بررسی نقش نسبی ایفا شده توسط تنظیمات رفتار مصرف کننده و سطوح دخالت در تعیین رفتار محیطی
|کد مقاله||سال انتشار||مقاله انگلیسی||ترجمه فارسی||تعداد کلمات|
|1775||2005||11 صفحه PDF||سفارش دهید||1 کلمه|
Publisher : Elsevier - Science Direct (الزویر - ساینس دایرکت)
Journal : Journal of Retailing and Consumer Services, Volume 12, Issue 6, November 2005, Pages 419–429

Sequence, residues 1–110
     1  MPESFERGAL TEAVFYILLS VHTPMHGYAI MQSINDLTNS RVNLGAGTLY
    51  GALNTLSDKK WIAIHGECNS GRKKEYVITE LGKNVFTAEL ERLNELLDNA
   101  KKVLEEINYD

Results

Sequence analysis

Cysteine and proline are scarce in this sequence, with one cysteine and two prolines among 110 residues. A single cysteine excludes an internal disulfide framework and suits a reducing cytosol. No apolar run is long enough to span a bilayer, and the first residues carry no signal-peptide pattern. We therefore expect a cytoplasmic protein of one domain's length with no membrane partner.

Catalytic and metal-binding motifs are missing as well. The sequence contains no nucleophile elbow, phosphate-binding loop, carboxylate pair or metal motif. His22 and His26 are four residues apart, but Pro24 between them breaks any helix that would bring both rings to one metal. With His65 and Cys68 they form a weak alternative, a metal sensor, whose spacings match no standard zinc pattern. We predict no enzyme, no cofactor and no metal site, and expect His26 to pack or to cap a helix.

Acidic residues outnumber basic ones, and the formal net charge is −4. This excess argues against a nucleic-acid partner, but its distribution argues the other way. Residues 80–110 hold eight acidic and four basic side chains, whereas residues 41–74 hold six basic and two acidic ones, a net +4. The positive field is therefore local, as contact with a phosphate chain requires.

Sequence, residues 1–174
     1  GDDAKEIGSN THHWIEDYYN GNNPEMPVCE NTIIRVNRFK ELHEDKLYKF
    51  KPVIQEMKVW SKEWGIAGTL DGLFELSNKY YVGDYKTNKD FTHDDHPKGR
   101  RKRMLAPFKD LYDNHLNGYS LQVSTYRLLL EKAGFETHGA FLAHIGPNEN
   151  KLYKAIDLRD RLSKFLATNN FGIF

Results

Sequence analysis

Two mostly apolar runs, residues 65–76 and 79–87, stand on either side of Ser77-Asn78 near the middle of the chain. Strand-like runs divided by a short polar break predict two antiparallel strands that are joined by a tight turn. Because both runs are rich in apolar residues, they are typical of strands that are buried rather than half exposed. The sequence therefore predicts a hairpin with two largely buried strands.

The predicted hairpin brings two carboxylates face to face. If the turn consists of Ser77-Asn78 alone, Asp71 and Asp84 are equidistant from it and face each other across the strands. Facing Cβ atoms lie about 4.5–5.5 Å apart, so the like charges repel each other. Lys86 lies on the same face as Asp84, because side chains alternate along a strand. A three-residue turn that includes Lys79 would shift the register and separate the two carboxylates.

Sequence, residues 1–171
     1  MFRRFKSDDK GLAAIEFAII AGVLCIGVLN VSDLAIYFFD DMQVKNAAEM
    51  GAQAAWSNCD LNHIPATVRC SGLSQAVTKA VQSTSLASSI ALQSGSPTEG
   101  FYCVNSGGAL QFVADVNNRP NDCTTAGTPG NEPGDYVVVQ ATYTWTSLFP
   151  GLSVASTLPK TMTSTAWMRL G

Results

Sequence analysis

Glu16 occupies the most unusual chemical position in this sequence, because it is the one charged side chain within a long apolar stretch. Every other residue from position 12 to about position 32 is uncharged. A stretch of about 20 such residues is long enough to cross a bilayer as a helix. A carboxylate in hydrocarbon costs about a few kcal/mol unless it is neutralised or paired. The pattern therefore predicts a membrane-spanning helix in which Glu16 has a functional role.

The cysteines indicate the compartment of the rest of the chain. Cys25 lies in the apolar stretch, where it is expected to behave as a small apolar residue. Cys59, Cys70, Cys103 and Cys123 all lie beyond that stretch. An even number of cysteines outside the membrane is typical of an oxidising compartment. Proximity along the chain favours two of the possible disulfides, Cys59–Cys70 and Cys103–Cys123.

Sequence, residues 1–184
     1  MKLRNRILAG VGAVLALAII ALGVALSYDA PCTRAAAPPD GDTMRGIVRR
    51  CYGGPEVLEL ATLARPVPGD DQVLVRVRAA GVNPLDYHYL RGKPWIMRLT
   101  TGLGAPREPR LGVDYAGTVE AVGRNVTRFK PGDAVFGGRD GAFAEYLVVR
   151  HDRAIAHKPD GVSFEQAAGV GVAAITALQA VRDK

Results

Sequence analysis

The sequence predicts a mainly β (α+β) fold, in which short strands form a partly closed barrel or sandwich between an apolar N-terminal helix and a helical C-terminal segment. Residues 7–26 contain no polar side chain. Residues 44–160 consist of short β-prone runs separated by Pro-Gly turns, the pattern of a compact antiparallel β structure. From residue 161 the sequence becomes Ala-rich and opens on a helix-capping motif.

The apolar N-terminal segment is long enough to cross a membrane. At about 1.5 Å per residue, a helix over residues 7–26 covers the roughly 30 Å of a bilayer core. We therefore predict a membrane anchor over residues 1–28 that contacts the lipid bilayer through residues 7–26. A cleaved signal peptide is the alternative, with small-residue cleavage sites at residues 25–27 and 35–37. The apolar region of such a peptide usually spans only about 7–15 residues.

It is well documented that if environmental degradation is to be halted then pro-environmental activities need to be put in place now. This requires the participation of consumers (C), marketers (M) and policy-makers (in this case, the local council (LC)). An examination of the environmental portfolios of LCs and Ms indicates a noticeable increase in behavioural activity which has led to an improvement in their environmental provision. This includes services ranging from recycling to providing information on environmental issues. However, empirical evidence indicates that consumers may have either inadequate or inappropriate knowledge about environmental issues which may have led to low involvement levels and consequently limited behaviour. It may therefore be necessary to distinguish between cognitions that are affected under high or low involvement situations. The involvement levels, however, may be mediated by the consumer behaviour settings (CBS). Using the Behavioural Perspective Model the study observes the impact of CBS and involvement on environmental behaviour. The results indicate that in the low involvement condition CBS has a crucial role to play whereas in the high involvement situation its role may not be significant.